• Chalk Pushcast (for the Blackberry platform).

• eXact iTutor (wearable, wireless mobile learning platform from Giunti Labs).

• KMx (Knowledge Management Solutions).

• Sakai (open source)

• MLE-Moodle (a plug-in for Moodle–the open source LMS).

• Mobile Moodle for the iPhone.

• MOMO (Mobile Moodle)–install a Java-based MOMO client on a mobile phone. A few selected applications will be discussed in the next section.

 

7.6 Applications

Bring Your Own Device (or BYOD)

Many employees are bringing their own tablets and smartphones to the workplace–not only for personal use but to access company resources (such as database/email and servers).23 Three issues need to be considered here. These include security (of data and physical device), costs (of installing Wi-Fi facilities and paying for the use of the personal smartphone on company business) and support for a plethora of new portable devices (which the help desk may be utterly unfamiliar with). Clearly new company-wide policies and procedures are required to deal with this new issue.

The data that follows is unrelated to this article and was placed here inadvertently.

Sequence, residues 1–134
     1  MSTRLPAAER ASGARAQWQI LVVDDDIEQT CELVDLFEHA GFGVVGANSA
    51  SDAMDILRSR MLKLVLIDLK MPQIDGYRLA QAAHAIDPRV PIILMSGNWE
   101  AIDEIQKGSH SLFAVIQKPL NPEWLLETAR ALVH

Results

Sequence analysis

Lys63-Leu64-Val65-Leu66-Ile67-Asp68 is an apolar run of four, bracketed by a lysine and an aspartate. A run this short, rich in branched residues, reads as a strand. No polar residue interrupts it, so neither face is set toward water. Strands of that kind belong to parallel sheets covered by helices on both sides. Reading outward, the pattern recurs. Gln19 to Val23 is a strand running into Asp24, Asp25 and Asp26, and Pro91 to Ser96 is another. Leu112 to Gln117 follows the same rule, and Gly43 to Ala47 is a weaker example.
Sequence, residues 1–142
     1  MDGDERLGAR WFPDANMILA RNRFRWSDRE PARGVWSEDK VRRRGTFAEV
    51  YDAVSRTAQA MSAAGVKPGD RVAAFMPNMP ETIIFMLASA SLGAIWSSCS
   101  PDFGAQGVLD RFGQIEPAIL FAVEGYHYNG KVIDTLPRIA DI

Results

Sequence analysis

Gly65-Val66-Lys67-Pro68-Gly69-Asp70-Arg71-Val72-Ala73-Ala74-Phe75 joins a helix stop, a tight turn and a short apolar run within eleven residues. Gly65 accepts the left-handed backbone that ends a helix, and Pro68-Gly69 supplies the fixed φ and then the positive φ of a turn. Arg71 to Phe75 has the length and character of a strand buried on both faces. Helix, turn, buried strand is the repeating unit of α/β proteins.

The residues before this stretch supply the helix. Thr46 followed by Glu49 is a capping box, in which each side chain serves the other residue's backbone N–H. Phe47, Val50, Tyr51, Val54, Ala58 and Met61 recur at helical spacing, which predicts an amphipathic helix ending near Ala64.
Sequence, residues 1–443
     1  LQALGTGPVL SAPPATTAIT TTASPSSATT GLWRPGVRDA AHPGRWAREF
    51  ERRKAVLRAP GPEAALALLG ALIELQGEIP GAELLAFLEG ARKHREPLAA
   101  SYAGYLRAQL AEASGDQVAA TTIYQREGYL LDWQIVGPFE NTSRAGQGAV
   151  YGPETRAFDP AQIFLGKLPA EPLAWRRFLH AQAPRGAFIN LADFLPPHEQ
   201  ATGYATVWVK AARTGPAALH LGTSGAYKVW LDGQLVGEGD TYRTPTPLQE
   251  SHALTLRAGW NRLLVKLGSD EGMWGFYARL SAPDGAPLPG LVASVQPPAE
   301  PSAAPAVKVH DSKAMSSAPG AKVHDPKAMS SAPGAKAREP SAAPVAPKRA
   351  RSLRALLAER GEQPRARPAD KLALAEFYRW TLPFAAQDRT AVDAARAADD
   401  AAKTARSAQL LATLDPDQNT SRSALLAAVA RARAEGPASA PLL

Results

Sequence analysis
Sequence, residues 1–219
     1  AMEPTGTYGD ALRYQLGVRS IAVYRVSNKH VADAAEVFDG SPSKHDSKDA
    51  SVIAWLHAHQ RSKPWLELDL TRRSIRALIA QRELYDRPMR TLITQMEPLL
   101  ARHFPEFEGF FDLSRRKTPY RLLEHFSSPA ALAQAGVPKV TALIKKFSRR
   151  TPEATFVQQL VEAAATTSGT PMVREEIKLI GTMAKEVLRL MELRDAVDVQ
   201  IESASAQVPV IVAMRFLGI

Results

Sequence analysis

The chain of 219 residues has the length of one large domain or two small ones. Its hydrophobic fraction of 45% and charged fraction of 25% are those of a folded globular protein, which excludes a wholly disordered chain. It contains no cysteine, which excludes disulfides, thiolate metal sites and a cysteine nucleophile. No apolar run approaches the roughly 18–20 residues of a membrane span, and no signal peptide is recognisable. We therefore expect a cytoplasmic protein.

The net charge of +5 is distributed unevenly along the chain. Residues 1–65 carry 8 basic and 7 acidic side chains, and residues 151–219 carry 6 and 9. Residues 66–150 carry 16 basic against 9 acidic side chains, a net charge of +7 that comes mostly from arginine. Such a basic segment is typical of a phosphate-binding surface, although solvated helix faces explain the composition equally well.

Different university approaches

The Blackberry was used for the programming applications of students at the University of Guelph, although with the rapid growth of the iPhone and Android devices, this may obviously change.24 Typical programming assignments for students included a mobile quiz application, calculator, address book and text editor.